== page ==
It's the home-buying season again, and people are going to open houses, comparing mortgage rates, and looking for one of the last major tax breaks. But they should also be asking around for the name of a good home inspector. Some 3.6 million existing, not newly built, homes were sold in the United States last year. But only a third, or about 1 million, came with a home inspection.
As for the other 2.6 million buyers, they either know everything they need to about leaky foundations, improper drainage, plumbing, and electrical systems, or they're leaving themselves open to some nasty surprises.
There are many reasons for people going without a home inspection, says Walter Molony, a spokesman for the National Association of Realtors. One of those reasons has to do with the hot real estate market, particularly last year when prices were going up fast and houses were selling even faster.
``People were buying houses without a home inspection in order to get the house,'' Mr. Molony says. ``They would put contracts on houses only to have them bid out from under them'' by someone who would pay full price, or more, and not worry about an inspection.
In other cases, a home may have been sold without an inspection because it was bought by a relative or friend of the seller, or because the buyer knew someone in one of the building professions who did the inspection for them. Or, the buyers figured they could find any important faults on their own.
The truth is, home inspectors not only find problems, they also show you how the house works.
``We bought a house last year,'' Molony recalls. ``I followed the inspector around for three hours. I learned a lot about the furnace, how to turn off the water coming into the house, all kinds of things.''
Molony spent $140 for his inspection, which is somewhat less than the national average. In most cases, you shouldn't pay more than $200 for an inspection of a home that's of an average price or somewhat above average, says Kenneth T. Austin, chairman of Housemaster of America, an inspection firm with offices in 24 states.
For many homebuyers, finding a good inspector may be as hard as finding a leak in the roof on a hot summer day. The Yellow Pages has a listing of inspectors, or someone you know may have recently used one he or she could recommend. Once you find a name, check with the Better Business Bureau to see if there are any outstanding complaints about the firm. You might also call the city inspector's office or a state licensing board for any record of complaints.
``Ask lots of questions, too,'' Mr. Austin says. ``Ask them how long they've been in business. How did they get in the business? Were they contractors? Are they still contractors?''
If they are still contractors, Austin says, they may be using the inspection ``as a conduit for repair work.'' These people find a problem, then offer their services - for an additional fee, of course - to repair it.
The problem has also come up with pest inspectors. ``We see termite inspectors getting into home inspection,'' Austin says.
For the inspectors in his firm, there are some pretty clear rules for avoiding conflicts of interest. If your inspector violates any of them, you may want to consider filing a complaint and looking for another inspector.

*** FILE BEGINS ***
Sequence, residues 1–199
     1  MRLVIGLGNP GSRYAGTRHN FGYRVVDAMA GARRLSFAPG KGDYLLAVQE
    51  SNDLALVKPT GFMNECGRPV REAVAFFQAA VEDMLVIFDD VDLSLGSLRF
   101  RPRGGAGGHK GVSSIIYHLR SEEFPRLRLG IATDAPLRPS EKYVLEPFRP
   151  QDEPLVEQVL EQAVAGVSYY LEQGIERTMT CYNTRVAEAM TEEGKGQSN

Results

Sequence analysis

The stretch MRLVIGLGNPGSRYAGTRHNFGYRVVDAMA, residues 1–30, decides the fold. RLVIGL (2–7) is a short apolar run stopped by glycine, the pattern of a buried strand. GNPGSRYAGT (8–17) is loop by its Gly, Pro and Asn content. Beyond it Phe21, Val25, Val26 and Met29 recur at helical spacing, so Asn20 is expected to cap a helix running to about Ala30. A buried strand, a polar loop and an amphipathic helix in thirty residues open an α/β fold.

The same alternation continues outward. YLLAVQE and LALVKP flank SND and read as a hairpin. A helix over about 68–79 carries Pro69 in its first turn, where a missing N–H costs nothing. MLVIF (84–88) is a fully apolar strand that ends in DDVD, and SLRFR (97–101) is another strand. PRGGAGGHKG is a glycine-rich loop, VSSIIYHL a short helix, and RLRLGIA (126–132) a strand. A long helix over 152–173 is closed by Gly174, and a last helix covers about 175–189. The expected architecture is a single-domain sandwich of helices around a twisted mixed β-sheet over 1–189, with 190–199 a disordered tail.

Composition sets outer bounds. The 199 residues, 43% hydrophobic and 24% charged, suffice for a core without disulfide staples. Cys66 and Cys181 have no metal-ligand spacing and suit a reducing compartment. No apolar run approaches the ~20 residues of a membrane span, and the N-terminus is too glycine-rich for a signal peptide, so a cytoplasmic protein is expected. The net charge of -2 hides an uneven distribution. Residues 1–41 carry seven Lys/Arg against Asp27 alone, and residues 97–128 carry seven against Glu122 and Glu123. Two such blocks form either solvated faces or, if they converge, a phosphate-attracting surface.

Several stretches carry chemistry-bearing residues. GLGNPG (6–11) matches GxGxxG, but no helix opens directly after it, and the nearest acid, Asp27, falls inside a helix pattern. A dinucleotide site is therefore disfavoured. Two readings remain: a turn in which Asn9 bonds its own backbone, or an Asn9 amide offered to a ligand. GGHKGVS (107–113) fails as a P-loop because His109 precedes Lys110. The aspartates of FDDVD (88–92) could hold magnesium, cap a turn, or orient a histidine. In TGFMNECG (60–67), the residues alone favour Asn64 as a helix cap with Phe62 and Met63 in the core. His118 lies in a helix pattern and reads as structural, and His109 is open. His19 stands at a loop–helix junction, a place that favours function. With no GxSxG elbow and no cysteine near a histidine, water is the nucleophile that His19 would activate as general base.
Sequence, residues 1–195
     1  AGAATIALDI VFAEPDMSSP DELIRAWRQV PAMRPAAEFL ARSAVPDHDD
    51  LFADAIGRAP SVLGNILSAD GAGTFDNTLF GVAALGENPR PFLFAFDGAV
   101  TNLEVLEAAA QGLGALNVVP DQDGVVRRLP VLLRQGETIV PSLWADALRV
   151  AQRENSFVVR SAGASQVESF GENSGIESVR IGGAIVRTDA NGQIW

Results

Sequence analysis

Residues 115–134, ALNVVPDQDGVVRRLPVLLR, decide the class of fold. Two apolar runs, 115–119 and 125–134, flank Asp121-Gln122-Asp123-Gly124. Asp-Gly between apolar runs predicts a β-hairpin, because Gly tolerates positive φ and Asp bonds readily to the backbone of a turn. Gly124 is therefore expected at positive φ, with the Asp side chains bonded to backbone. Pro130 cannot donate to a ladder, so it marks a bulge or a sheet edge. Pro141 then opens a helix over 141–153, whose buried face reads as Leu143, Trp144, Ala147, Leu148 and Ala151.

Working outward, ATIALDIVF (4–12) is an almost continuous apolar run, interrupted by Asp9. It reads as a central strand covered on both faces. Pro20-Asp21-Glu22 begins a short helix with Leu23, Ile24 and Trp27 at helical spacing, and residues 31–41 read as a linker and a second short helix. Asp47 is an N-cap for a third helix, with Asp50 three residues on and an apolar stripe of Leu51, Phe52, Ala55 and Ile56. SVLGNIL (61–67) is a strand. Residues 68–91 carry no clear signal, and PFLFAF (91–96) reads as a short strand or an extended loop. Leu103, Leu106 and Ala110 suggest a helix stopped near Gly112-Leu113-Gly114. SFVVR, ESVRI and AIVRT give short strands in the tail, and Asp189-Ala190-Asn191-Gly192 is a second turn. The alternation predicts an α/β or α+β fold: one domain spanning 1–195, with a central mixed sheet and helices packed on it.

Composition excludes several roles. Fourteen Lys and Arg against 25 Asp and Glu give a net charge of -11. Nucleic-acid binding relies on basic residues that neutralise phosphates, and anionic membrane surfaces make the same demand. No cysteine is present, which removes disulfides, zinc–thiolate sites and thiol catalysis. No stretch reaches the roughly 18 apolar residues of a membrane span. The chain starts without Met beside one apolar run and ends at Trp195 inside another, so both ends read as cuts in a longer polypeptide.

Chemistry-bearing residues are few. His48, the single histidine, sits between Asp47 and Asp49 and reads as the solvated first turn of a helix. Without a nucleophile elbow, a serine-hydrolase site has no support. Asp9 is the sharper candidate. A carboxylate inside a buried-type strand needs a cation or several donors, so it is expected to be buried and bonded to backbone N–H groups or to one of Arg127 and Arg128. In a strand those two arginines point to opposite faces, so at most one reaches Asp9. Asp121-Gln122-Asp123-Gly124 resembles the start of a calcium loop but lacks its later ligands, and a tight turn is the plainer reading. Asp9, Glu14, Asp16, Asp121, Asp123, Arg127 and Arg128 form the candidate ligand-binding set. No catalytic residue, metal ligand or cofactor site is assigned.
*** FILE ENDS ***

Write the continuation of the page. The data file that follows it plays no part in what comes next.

Never recommend a contractor. This avoids the appearance of recommending a friend, relative, or even someone who is paying the inspector a kickback for the recommendation.
Don't pass judgment on the value of a house. An inspector is not qualified to know what other houses in the neighborhood sell for, how much prices have gone up or down in recent weeks, or what an unknown buyer might pay for this or a similar house.
Don't make a buy or no-buy recommendation. Even if the inspection turns up a host of problems, the buyer may be paying a fair price and can afford the repairs. ``There are too many factors involved and condition is just one of them,'' Austin says.
Like the Realtors' Molony, Austin recommends going along with the inspector. ``If the inspector says don't come, don't hire him,'' he says.
In most states, Austin points out, the inspection comes after buyer and seller agree on a price and sign a purchase and sales contract. That contract should contain an inspection clause that says something like, ``This sales agreement is contingent upon a satisfactory structural, mechanical, and electrical inspection of the house.'' That clause lets you renegotiate the price if the inspection turns up significant problems, or even back out of the deal completely if you and the seller can't agree on a new price.
The most common problems that turn up in inspections, Austin says, are found in the plumbing, and cooling and heating systems. After this, come problems with the roof, water penetration (often in the basement), kitchen appliances, the electrical system, and the foundation.
Just because a house is newer, that's no assurance it's in better condition. If it has been well maintained, a home built before World War II may be in better shape than one built in the last 20 years.
For one thing, Austin says, houses used to be framed by two-by-fours (that really measured two-by-four inches) on 16-inch centers, or 16 inches apart. Today framing is often done with two-by-threes on 20- to 24-inch centers. Or instead of hardwoord floors, a house may have plywood floors covered by ``free'' wall-to-wall carpeting.
While it's easy enough to spot this trick, there are plenty of other hidden problems that can make an inspector's fee seem cheap, indeed.
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